Singapore GP: Tropical Thunder at Marina Bay

Sergio Perez delivered the drive of his life despite turbulent conditions.

TopGear Reporter
October 3, 2022
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Singapore GP: Tropical Thunder at Marina Bay

The hype around the driver market has settled down to a mild panic from where it was since the Oscar Piastri saga. The news came in during the break that Yuki Tsunoda and Zhou Guanyu have seats for one more year, while Nicholas Latifi announced that he'll no longer be with Williams in the new year.

The calendar for 2023 has been released, and we're seeing another American GP. "Hee-Haw". This time in Las Vegas, and you know what they say about what happens in Vegas, right? All drivers were preparing for the heat Singapore delivers, including some of the stickiest humid conditions on the calendar. Not quite ideal when you're wrapped in fireproof Nomex gear and a three-layer race suit, but there's no escaping mother nature, so best you prepare.

Tricky Quali

It was tricky conditions in qualifying. Conditions were neither wet nor dry, with some parts of the circuit ready to catch gambling drivers out. Mick Schumacher made it out of Q1, ahead of Esteban Ocon and Valtteri Bottas, a bit of a shock departure there, but bear in mind that Mick is fighting for a seat in 2023. He'll need to continue this trend for the rest of the season. That gamble came in Q2 with Aston Martin swopping the intermediate compound tyre for full slicks. Alfa Romeo followed suit, but unfortunately, both teams failed to render any results and failed to move to Q3. George Russell added to the misery by not making it into Q3 by 0.006 seconds.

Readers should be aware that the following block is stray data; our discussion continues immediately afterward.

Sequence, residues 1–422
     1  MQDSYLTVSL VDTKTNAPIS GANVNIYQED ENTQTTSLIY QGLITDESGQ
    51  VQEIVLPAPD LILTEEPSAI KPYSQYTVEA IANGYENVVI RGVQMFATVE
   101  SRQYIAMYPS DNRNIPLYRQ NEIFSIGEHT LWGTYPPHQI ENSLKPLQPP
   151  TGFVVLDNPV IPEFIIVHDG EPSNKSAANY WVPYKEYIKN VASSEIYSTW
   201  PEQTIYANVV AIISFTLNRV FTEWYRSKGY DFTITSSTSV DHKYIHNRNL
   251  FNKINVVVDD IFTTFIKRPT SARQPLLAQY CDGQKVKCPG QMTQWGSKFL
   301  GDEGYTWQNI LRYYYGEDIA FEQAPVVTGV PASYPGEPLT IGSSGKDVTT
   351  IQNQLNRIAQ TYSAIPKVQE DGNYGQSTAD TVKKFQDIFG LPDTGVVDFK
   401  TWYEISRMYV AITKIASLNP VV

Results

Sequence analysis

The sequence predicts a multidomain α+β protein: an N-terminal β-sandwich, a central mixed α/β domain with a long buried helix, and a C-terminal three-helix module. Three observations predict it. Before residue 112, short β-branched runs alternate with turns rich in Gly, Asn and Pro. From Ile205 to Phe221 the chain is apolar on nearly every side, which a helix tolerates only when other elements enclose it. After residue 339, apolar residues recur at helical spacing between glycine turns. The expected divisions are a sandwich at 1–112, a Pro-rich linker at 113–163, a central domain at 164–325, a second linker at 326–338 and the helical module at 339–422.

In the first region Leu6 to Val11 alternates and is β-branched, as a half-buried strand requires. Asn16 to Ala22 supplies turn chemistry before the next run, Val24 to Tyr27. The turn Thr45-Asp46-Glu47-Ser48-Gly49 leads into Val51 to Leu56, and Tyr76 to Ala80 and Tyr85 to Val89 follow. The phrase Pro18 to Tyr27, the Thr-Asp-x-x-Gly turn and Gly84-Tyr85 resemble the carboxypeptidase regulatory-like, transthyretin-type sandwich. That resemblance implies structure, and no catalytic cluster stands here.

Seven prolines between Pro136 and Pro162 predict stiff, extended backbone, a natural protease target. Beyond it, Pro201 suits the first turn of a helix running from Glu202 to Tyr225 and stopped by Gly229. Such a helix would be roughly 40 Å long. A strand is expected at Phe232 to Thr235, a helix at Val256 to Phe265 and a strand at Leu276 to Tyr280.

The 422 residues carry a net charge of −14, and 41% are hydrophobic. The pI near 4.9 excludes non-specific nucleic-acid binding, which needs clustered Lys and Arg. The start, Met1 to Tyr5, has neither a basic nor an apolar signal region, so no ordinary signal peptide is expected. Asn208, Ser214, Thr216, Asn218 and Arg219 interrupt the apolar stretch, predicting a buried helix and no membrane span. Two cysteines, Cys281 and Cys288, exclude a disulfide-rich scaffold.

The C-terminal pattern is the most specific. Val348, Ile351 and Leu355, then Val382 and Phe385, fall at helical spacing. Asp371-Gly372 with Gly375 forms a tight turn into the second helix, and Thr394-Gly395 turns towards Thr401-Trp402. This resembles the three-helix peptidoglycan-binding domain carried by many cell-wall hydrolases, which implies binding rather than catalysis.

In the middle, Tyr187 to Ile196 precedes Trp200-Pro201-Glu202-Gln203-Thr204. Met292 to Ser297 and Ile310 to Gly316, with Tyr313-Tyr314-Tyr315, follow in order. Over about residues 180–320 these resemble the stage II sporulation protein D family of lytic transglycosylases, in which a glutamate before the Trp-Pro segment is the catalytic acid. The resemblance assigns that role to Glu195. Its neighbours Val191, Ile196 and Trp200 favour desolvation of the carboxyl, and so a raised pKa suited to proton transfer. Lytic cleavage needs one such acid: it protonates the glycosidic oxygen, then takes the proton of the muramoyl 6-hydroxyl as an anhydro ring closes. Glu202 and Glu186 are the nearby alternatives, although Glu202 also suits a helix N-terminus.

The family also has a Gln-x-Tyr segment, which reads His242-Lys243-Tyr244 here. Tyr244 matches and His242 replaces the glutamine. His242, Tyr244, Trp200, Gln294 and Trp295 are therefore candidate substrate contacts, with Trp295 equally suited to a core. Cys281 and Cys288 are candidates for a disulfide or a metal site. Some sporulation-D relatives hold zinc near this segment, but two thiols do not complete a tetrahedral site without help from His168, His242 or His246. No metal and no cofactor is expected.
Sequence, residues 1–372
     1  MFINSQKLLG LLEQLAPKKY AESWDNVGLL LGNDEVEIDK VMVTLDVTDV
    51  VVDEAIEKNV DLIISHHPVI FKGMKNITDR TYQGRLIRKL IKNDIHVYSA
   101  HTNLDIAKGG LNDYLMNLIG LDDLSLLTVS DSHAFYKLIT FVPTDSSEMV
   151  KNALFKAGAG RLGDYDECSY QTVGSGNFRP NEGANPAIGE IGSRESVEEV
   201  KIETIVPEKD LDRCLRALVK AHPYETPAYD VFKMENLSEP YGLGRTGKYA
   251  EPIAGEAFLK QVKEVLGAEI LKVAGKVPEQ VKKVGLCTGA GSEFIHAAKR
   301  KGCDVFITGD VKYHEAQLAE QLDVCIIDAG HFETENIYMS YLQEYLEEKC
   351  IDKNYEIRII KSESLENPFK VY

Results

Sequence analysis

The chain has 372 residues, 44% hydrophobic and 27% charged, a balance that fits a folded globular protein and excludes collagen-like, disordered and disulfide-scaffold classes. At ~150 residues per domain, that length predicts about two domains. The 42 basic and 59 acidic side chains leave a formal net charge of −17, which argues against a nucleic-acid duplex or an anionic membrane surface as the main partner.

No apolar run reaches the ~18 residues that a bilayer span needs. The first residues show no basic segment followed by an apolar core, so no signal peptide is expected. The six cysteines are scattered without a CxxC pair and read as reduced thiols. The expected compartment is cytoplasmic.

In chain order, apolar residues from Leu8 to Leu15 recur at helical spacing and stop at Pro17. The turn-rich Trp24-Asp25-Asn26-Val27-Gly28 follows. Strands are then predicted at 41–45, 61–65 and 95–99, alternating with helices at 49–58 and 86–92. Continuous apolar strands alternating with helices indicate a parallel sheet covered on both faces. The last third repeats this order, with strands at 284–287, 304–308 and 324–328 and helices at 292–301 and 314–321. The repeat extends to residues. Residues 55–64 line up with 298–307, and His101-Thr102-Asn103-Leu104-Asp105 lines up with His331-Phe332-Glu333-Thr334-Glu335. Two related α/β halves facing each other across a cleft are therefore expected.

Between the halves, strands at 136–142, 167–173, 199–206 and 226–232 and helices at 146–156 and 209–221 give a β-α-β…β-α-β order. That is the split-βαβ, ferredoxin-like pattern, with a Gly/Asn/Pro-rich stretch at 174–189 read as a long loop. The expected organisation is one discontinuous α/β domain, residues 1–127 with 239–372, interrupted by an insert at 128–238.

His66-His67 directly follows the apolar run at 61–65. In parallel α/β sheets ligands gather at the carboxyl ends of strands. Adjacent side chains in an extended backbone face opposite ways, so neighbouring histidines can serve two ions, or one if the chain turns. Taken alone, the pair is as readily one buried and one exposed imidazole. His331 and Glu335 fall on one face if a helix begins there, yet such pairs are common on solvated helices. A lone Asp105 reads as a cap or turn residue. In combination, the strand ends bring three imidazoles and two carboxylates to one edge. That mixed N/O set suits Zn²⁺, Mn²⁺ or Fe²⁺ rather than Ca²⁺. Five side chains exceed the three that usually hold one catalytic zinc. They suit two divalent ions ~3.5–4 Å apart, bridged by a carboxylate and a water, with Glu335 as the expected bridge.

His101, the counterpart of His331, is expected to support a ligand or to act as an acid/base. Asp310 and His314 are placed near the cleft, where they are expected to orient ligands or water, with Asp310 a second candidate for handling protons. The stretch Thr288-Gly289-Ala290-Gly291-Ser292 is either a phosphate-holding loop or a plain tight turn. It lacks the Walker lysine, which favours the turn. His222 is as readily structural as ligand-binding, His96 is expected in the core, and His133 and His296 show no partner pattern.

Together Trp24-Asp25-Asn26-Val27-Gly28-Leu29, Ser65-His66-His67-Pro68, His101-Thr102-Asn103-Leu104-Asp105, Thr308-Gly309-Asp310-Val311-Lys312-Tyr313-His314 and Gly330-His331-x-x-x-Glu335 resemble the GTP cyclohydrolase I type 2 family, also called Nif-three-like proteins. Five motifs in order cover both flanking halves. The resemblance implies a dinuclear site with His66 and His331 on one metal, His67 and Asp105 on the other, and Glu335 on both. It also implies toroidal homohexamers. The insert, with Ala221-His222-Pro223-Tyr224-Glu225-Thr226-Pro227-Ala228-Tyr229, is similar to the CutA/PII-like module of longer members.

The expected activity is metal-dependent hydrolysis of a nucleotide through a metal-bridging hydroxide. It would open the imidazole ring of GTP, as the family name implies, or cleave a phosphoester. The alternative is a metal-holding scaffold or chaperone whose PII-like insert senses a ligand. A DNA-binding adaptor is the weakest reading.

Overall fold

For a circuit that had remained unchanged as far as conditions go, it was odd to witness the track only drying out with a few minutes remaining. The five-kilometre street circuit, one of the longest on the calendar, wouldn't allow the soft compound tyres to get enough heat or adequately work. Verstappen almost connected with the wall at one stage, too, desperately trying to get the tyres activated, and the stalwart Alonso even clipped the wall. Tell-tale signs of the struggle.

The big shock came with Verstappen instructed to box on his last flying lap, with the team needing enough fuel for a sample to be taken at the end of qualifying. If he had gone for the lap, he'd have used that fuel and received a grid penalty anyway. A strange miscalculation from the Red Bull team and another absurd story about how tight the margins in F1 can be. The final results saw Charles Leclerc take pole position and Sergio Perez in P2 with Lewis Hamilton in P3. Verstappen would only start in P8, meaning that the mathematical chances of him taking the championship in Singapore were no longer looking as positive.

Delayed Start

Race day and mother nature decided that a heavy downpour should descend on the circuit, causing an hour delay. With the course warming up sufficiently to start on intermediates, all eyes were fixed on the first lap for drama, but everyone was, for the most part, on their best behaviour.